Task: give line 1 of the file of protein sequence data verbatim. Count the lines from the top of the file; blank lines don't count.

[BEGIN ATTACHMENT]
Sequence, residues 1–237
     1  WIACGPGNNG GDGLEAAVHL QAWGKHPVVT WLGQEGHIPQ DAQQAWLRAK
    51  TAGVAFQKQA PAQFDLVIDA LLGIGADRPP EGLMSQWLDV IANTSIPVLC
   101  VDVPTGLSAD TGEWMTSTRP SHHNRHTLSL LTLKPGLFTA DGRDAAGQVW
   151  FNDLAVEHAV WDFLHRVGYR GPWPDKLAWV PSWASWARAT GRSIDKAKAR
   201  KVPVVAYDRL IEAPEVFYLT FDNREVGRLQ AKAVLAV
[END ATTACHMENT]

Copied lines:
Sequence, residues 1–237